The videos -- showing graphic moments of rioters beating police with metal poles, stolen shields and chemical sprays -- highlight some of the more shocking moments from the riot, such as when the crowd worked to overcome a police line to push through a lower archway into the Capitol building.
Even with so many arrests and footage documenting the siege already, the FBI's release and request to the public for help identifying the people in the video shows how they continue to pursue cases of severe violence from the pro-Trump crowd.
Video capturing the hours-long siege inside and outside the Capitol has been immense in its volume and available publicly for months, since many participants and observers had already posted footage online. But investigators have worked to zero in on specific rioters and moments, scrubbing through the tens of thousands of hours they've collected of police body cameras, news broadcasts, surveillance images and video taken from social media and even from the cell phones of rioters who have been arrested.
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The FBI's release on Thursday now matches clips of rioters, whose faces are hard to see clearly as they punch, spray or batter police, with clearer images of faces in the crowd.
The Justice Department has charged more than 65 people for assaulting law enforcement but is still seeking information to identify others involved in assaults during the insurrection, according to a press release on Thursday. The assault cases are some of the most serious among more than 300 people arrested on charges stemming from the Capitol riots, which left five people dead, including a US Capitol Police officer, and injured more than 100 law enforcement officials.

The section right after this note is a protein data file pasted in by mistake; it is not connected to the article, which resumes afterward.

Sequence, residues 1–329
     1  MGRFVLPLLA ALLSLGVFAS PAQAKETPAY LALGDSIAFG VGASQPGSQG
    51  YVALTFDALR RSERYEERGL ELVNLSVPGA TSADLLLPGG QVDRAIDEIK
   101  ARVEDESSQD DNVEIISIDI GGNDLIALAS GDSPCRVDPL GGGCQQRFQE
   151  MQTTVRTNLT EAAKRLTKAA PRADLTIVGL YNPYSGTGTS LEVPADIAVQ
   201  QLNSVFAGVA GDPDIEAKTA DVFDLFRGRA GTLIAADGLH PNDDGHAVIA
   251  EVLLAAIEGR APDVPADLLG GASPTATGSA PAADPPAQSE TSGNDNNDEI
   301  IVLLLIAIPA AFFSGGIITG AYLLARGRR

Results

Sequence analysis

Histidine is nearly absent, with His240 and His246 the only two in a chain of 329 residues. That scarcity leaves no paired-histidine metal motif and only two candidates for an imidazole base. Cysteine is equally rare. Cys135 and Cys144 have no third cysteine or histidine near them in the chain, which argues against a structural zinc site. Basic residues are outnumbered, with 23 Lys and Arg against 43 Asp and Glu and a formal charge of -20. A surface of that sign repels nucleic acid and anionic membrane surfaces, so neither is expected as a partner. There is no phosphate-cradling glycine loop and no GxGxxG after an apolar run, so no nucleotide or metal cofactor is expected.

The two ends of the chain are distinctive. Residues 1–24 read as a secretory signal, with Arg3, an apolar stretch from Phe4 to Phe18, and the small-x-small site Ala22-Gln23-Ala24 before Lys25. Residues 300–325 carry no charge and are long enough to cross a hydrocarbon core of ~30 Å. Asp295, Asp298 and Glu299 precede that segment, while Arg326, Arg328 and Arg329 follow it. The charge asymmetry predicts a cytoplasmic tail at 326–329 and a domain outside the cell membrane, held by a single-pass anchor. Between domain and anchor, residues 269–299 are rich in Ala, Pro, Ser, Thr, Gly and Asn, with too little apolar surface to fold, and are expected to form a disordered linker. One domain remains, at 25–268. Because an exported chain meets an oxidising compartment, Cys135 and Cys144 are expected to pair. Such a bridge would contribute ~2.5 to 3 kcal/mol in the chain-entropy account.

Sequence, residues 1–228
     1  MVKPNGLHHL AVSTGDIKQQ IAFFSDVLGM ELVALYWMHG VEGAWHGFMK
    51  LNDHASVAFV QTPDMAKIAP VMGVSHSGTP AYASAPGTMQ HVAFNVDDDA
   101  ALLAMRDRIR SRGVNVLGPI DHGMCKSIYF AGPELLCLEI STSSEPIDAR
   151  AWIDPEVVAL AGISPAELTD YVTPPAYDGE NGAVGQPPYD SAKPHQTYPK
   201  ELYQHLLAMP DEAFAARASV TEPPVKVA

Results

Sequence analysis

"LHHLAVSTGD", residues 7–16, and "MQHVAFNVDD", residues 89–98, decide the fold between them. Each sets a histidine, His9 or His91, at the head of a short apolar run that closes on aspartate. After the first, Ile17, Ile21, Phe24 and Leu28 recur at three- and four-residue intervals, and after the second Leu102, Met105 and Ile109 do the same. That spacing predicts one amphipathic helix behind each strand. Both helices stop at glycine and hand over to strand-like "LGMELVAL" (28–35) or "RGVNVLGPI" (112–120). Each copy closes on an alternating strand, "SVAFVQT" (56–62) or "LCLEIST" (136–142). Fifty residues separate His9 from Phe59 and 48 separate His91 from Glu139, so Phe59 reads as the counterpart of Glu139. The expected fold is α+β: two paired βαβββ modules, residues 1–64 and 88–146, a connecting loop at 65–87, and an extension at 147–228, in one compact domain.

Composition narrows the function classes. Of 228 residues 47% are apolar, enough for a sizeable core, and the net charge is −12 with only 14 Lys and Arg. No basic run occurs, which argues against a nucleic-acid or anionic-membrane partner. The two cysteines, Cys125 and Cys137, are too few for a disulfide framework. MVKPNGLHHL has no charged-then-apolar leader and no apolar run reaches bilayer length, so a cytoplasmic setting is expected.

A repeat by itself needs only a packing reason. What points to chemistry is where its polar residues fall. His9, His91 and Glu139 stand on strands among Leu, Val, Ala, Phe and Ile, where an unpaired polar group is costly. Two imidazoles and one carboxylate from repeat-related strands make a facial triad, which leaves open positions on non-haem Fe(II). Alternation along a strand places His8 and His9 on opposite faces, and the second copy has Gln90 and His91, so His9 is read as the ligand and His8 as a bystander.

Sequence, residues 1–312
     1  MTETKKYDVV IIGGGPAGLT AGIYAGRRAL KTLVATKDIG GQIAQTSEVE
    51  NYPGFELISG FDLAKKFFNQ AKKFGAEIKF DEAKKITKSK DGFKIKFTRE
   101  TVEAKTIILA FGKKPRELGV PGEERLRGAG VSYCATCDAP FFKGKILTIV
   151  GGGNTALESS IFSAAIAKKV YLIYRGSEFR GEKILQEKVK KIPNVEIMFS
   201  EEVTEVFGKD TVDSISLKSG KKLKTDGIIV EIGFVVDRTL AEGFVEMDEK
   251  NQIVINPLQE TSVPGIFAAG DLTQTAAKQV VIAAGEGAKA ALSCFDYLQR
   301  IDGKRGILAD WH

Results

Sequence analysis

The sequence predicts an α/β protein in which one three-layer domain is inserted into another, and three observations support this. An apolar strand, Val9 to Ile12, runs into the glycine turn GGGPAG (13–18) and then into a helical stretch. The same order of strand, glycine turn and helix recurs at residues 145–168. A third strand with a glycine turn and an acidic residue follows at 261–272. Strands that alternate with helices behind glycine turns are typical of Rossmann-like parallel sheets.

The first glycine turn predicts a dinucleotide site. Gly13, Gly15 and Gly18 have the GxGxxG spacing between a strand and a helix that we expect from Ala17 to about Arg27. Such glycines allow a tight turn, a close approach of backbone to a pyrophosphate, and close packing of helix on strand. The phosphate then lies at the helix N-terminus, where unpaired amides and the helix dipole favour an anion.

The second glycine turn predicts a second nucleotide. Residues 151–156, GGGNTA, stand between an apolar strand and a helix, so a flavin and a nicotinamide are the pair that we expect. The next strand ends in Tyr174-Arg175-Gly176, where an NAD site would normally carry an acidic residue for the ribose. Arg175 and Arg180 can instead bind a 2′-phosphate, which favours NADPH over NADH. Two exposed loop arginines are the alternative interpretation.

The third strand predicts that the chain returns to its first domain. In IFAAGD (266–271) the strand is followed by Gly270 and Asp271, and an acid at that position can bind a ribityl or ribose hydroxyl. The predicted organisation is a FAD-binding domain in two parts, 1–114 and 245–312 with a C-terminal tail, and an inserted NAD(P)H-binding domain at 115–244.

Many of the 10 clips released Thursday are extremely disturbing. One shows a protestor grabbing an officer by the helmet and smashing his head repeatedly against a door jamb.
In one 22-second clip, a man with a patterned blue mask covering his mouth is seen shoving the face of an officer at one of the entrances of the Capitol. In a 38-second video, a man with a yellow face covering and a red backpack is seen repeatedly striking officers with what appears to be a stick.
And in a 56-second clip, a man is seen using what appears to be a tree branch to strike at officers that are preventing the crowd from entering the Capitol.
The longest video released on Thursday shows three minutes of body camera footage of a man wearing a black, red and white jacket attacking officers while another rioter was on the ground. An officer used a stun gun to fend the man off.
Another video shows a man in an aqua blue windbreaker jacket with a navy blue hood walking up stairs that overlooked an area with several identifiable law enforcement officers. The unidentified man is seen spraying a cloud of smoke onto the officers and walking away.
"The FBI is asking for the public's help in identifying 10 individuals suspected of being involved in some of the most violent attacks on officers who were protecting the U.S. Capitol and our democratic process on January 6," Steven M. D'Antuono, assistant director in charge of the FBI's Washington Field Office, said in a statement. "These individuals are seen on video committing egregious crimes against those who have devoted their lives to protecting the American people.
Among those who have already been charged in connection to the riot are two men who were arrested for assaulting USCP Officer Brian Sicknick, the officer who died after the attack. The DOJ announced their arrests Monday, alleging the pair worked together to spray police, including Sicknick, with a toxic chemical spray during the riot. Investigators have not released Sicknick's cause of death.
SEE ALSO: At least 100 more to be charged in Capitol attack investigation, DOJ expects
Federal prosecutors have also filed charges against Thomas Sibick, who allegedly participated in the brutal assault of DC Metropolitan Police Officer Michael Fanone. Prosecutors said Sibick was seen on police body-camera footage assaulting Fanone while he lay on the ground outside the Capitol during the riot.
Fanone told CNN earlier this year that he had been tased several times in the neck, had been beaten with a flagpole and had heard people screaming, "Kill him with his own gun," while rioters tried to pull his weapon out of its holster.
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